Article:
> Being a member of ASIFA-Hollywood really pays off around this time of year. They’re hosting a bunch of free screeenings in the coming months, including DISNEY’S TEACHER’S PET film (with the filmmakers present), THE SPONGEBOB SQUAREPANTS MOVIE, SHARK TALE (nice try DreamWorks, but not even a free pass will get me in a theater for this one), and Ron Diamond’s annual cartoon extravaganza “The Animation Show of Shows” which is notable this year because it will include a screening of RYAN with director Chris Landreth in person. See the ASIFA-Hollywood site for complete details.
> There’s an animation festival taking place in LA at the end of this month and not a single person I know has heard of it. I only learned about it when Bill Plympton mentioned it to me in Ottawa. It’s called ION INTERNATIONAL ANIMATION GAMES AND SHORT FILM FESTIVAL and it takes place October 29-31 at Culver Studios. It’s billed as a “convergence festival” and seems somewhat business-oriented. More details at IONFilmFest.com.
> Disney is claiming that they don’t owe royalties on a new PETER PAN-related book they published because the copyright on the work has expired. The PETER PAN copyright is held by the Great Ormond Street Hospital in London, which received it as a gift from PAN creator J.M. Barrie before his death in 1937. By withholding royalties, Disney is denying the hospital funds which would go towards helping sick people. There is no small irony that Disney would claim somebody else’s copyright has expired while the company simultaneously lobbies Congress to change existing laws that would extend its own copyrights.
Marvel at the mind-numbing unfunniness of the latest cartoon-turned-live bomb FAT ALBERT. The most telling example of what passes for humor in this film is when a character asks Dumb Donald why he wears a knit-cap over his head, and the character proceeds to offer an explanation. How about this for an explanation: IT’S A FUCKING CARTOON! Give it a break, Hollywood. Stop turning cartoons into shitty live-action movies and then creating logical reasons for why the cartoon characters don’t look right in live-action. Audiences stopped laughing at this type of lameness sometime in the mid-’90s when John Goodman humiliated himself as Fred Flintstone. Dumb Donald wears a damn knit cap over his head because he’s a cartoon character, and I’m not forking over ten bucks to have some ex-SIMPSONS writer tell me otherwise. I can’t wait for the live-action ALVIN AND THE CHIPMUNKS where some two-bit screenwriter is bound to make a crack about whether Alvin wears pants under his long shirt. Perhaps FAT ALBERT’s only saving grace will be its animated segments (under the able supervision of Bert Klein) which I hear are looking quite good. Too bad the animation crew couldn’t work on a project deserving of their time, effort and talent.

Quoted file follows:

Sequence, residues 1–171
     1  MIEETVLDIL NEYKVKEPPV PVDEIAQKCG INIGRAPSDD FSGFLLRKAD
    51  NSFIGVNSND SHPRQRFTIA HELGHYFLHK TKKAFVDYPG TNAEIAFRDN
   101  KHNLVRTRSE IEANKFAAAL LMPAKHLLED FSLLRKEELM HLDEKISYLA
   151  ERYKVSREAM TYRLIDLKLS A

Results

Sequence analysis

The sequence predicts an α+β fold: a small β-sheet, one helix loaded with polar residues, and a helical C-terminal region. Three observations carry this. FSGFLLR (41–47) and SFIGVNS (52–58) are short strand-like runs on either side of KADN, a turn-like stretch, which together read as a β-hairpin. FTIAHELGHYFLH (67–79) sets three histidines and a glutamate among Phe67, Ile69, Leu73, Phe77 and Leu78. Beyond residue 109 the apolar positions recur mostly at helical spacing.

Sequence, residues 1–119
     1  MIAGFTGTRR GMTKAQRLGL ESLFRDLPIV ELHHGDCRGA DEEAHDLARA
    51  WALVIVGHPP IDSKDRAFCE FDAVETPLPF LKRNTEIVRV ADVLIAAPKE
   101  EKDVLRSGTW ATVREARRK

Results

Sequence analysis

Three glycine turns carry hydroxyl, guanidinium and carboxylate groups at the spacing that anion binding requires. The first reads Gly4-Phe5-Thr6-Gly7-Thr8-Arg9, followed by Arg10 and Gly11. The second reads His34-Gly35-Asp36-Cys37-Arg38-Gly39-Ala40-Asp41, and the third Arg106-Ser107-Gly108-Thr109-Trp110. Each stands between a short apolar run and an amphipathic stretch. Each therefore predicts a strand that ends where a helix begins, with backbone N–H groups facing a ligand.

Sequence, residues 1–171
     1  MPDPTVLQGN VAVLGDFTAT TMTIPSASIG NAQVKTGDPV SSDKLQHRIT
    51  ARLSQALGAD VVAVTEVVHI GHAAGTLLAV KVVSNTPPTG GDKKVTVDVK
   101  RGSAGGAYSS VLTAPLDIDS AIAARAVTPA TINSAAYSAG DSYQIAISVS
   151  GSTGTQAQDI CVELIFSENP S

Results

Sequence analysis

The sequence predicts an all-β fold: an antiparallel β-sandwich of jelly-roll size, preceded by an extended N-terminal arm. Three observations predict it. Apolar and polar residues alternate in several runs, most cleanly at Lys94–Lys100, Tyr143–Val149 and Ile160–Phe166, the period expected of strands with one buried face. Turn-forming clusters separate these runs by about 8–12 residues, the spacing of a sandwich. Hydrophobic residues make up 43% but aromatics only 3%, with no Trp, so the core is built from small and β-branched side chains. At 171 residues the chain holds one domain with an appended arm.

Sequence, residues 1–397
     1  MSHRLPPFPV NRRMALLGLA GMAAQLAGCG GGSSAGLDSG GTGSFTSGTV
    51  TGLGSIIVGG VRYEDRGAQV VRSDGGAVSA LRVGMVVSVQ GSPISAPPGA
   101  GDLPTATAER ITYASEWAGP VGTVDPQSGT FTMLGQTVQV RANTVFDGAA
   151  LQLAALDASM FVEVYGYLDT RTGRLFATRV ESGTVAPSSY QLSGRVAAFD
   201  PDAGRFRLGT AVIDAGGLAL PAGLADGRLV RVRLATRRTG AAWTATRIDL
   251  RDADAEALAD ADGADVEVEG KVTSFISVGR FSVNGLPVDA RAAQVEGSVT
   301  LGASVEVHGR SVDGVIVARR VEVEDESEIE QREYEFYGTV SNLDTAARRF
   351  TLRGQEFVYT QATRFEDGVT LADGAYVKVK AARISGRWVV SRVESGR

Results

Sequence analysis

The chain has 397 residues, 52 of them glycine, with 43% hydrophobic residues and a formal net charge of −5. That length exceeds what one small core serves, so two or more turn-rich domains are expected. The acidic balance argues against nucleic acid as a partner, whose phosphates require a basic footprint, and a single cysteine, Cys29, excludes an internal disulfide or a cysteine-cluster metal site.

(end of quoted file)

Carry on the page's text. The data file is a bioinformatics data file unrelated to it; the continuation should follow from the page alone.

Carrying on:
Tom Neely, director/animator of BROTHER, CAN YOU SPARE A JOB?, has an art show opening tonight at the Harmony Gallery (5911-1/2 Franklin, Hollywood, CA 90028; next to Counterpoint Records & Books). The reception is from 7-10 pm. He’ll be exhibiting thirty watercolor paintings. The show also features new acrylic-collage works by Scot Nobles. For more details, go HERE.
Will you be in London on October 27? Want to hear Brad Bird speak and then see a sneak preview screening of THE INCREDIBLES? Then don’t miss the London Film Festival.
Last night, THE TONIGHT SHOW WITH JAY LENO premiered the new Jibjab short GOOD TO BE IN DC, which is a sequel of sorts to their Webcartoon hit from a few months back called THIS LAND. This new cartoon has many funny moments, but it doesn’t quite achieve the charm of THIS LAND. The JibJab brothers, Gregg and Evan Spiridellis, concede as much on their blog: “Our next animation will not be another THIS LAND. We could spend the rest of our lives trying to make another THIS LAND and it’d never happen. That’s okay. We’ve accepted that on some deep metaphysical level.” View both cartoons at JibJab.com.
The only positive legacy of Bush’s presidency may be that he inspired the production of a lot of terrific animation. A new short that is well worth recommending is WHAT BARRY SAYS, a stunning Constructivist-styled commentary on US foreign policy and the “Project for the New American Century.” The short, which can be downloaded HERE, was directed by British designer Simon Robson. (link via BoingBoing.net)